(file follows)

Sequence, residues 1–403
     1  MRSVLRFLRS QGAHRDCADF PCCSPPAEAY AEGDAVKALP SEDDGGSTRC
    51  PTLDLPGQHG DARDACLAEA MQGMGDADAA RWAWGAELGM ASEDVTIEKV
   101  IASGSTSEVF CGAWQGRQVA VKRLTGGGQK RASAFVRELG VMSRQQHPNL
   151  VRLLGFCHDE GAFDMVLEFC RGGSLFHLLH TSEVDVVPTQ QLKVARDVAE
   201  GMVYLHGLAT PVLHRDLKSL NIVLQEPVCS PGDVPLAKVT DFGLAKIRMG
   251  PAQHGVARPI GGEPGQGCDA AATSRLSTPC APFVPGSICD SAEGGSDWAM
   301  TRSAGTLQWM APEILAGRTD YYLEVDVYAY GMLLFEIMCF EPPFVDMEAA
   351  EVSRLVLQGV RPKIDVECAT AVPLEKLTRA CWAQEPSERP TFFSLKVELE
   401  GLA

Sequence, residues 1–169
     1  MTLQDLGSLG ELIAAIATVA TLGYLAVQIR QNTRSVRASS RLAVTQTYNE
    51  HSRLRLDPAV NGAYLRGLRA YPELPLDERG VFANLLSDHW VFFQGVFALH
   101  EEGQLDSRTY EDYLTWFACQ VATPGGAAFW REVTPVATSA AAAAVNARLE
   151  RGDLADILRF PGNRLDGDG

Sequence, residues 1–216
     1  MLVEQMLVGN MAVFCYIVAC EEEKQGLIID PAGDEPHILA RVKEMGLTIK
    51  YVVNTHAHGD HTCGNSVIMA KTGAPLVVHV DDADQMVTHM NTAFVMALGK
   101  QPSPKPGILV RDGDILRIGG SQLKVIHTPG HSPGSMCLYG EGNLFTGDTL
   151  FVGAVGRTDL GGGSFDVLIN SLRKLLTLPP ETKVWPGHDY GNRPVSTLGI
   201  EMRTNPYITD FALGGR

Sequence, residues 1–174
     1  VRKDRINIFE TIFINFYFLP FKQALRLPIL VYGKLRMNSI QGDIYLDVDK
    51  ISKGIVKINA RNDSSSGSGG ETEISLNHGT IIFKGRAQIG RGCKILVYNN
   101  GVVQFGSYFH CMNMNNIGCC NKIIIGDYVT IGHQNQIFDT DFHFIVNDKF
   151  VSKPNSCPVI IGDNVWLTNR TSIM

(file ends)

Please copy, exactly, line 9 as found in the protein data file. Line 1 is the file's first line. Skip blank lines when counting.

   351  EVSRLVLQGV RPKIDVECAT AVPLEKLTRA CWAQEPSERP TFFSLKVELE